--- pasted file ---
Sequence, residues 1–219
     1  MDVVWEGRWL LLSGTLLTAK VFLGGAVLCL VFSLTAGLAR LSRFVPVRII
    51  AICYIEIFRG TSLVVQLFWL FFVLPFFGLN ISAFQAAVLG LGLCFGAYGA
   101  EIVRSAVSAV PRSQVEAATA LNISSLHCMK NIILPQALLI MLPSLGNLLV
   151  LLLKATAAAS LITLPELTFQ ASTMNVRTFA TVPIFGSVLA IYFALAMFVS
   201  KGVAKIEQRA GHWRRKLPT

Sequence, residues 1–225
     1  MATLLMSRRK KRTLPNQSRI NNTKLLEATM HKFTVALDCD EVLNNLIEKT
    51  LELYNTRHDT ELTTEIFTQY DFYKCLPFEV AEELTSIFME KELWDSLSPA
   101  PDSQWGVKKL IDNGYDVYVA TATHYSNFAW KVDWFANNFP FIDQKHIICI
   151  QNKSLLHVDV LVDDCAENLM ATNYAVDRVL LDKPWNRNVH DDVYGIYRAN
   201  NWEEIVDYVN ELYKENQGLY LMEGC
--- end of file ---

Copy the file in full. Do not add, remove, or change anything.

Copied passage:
Sequence, residues 1–219
     1  MDVVWEGRWL LLSGTLLTAK VFLGGAVLCL VFSLTAGLAR LSRFVPVRII
    51  AICYIEIFRG TSLVVQLFWL FFVLPFFGLN ISAFQAAVLG LGLCFGAYGA
   101  EIVRSAVSAV PRSQVEAATA LNISSLHCMK NIILPQALLI MLPSLGNLLV
   151  LLLKATAAAS LITLPELTFQ ASTMNVRTFA TVPIFGSVLA IYFALAMFVS
   201  KGVAKIEQRA GHWRRKLPT

Sequence, residues 1–225
     1  MATLLMSRRK KRTLPNQSRI NNTKLLEATM HKFTVALDCD EVLNNLIEKT
    51  LELYNTRHDT ELTTEIFTQY DFYKCLPFEV AEELTSIFME KELWDSLSPA
   101  PDSQWGVKKL IDNGYDVYVA TATHYSNFAW KVDWFANNFP FIDQKHIICI
   151  QNKSLLHVDV LVDDCAENLM ATNYAVDRVL LDKPWNRNVH DDVYGIYRAN
   201  NWEEIVDYVN ELYKENQGLY LMEGC